If you took part in one of the Montserrat holidays to Poland in the 1970s, there is a series of DVDs based on the home movies shot by Ks. Okoński and others, put together by Marcin Hauke in Ealing back in 2009. Worth getting hold of. Drop me an email and I'll put you in touch.

Researching this piece online, I came across this doctoral thesis about the history of the Polish parish in Ealing, 1950-2000, written by Katarzyna Fuksa. It appears in different guises online, so google her name and 'parafia NMP Ealing'. Download the .pdf file then Ctrl+F and type in 'Montserrat'.

Thanks to Andrzej Poloczek, thanks to Rysiek Szydło for curating the photos on his website.

This time last year:
Last night's storm

This time two years ago:
Drifting south with the sun: bicycle hobo

This time four years ago:
Royal Parks in the rain

This time five years ago:
Storm clouds over Warsaw, Dolinka under water

This time six years ago:
Round-up of pics from Dobra

This time seven years ago:
Conservatism - UK or Polish style?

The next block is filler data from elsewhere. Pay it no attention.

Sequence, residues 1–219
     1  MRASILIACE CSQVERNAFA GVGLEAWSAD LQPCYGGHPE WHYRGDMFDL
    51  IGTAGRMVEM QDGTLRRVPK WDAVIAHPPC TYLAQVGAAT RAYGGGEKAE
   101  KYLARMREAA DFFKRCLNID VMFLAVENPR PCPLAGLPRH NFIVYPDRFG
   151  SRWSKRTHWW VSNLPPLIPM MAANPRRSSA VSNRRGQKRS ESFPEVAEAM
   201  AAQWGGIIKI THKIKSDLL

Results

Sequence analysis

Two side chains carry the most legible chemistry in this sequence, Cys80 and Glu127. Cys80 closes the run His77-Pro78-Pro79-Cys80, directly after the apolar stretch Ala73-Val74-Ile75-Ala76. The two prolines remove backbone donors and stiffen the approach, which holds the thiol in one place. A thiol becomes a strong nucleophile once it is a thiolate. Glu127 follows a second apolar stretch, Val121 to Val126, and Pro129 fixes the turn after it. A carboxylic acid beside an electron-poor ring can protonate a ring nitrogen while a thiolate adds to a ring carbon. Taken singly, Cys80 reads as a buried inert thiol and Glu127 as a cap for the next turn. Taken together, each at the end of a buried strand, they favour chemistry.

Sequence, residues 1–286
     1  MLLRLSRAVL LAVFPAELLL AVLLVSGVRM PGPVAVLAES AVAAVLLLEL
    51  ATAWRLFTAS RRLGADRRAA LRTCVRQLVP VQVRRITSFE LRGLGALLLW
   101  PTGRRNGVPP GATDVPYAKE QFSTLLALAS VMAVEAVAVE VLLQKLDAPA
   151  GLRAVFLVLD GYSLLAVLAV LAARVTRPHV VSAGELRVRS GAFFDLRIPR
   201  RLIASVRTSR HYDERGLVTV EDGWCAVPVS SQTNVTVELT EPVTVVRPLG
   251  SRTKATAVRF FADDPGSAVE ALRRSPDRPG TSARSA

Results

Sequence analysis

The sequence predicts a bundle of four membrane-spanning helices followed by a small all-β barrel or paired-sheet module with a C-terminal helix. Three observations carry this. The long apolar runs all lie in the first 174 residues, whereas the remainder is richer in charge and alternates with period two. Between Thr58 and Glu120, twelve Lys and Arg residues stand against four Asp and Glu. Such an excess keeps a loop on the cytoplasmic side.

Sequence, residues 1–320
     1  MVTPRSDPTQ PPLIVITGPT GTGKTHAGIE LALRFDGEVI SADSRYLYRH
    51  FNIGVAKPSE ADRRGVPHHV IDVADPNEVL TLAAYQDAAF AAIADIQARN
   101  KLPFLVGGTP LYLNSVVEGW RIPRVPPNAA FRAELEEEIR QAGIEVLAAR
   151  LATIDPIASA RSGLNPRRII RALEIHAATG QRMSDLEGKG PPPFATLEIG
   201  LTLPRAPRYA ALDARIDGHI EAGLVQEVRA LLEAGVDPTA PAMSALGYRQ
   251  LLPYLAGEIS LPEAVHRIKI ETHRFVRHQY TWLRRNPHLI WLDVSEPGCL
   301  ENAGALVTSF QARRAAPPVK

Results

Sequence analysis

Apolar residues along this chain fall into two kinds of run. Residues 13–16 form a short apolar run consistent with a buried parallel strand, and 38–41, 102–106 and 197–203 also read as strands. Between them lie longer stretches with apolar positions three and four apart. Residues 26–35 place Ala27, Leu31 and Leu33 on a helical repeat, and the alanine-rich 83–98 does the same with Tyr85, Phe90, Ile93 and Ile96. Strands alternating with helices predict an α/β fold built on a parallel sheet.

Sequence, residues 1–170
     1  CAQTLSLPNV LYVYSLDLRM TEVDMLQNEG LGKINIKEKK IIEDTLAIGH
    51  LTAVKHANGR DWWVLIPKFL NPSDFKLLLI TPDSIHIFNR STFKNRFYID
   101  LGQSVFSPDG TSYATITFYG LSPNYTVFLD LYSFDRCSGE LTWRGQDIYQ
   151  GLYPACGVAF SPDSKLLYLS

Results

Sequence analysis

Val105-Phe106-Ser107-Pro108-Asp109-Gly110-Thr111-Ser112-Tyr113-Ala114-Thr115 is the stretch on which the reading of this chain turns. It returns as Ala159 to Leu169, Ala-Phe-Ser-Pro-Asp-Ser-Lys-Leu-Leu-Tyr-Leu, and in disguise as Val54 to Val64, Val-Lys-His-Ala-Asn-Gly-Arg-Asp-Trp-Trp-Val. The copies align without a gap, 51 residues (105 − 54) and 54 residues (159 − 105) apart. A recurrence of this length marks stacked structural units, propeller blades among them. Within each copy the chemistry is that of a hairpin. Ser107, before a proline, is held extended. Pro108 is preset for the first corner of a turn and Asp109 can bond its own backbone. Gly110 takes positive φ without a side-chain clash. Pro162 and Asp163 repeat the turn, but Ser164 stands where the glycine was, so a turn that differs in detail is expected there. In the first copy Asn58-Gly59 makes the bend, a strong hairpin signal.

This time eight years ago:
Wheat and development

This time nine years ago:
A previous visit to London

Tuesday, 19 July 2016

Memory, place, experience

I want to revisit a few concepts I've written about before. Namely the spirit of place, and how it affects the consciousness, and the idea of qualia - a philosophical/scientific way to describe the everyday experience of sensations that we feel.

Heading home yesterday, I walked through the Rydz-Śmigły park heading for W-wa Powiśle station. The afternoon was warm but overcast, the threat of rain in the air. As I approached the Poniatowski bridge, I had one of those intense *paff!* moments, when, in my consciousness, a quale (singular) coincided with perfect congruence... and I was able to place it immediately.


It was from exactly half a century ago; the summer of 1966, Poland - Polanica Zdrój, visiting with my family from Bystrzyca Kłodzka. Together, we visited the nearby spa town, walking along the tree-lined avenues. The same weather, the same feeling of being among the trees and seeing a grand building through them... and then a memory. I had bought for me there a cloth badge, the town's coat of arms, which prominently featured a red heart, appliqué on felt, which on return to London, my mother sewed onto my duffel bag (dark green and navy blue tartan), along with embroidered badges from German towns (I remember Cologne, with some gold in the design).

The wonder of the internet means I can immediately verify the memories. Google Maps Street View allows me to wander through Polanica Zdrój. Wikipedia shows me the Polanica Zdrój coat of arms, a heart in the bottom-right quadrant, and then I google 'Cologne sew-on patch' (indeed a shield on a red background with the word 'Köln' on a gold bar above a picture of the cathedral). Good to know the memories were accurate.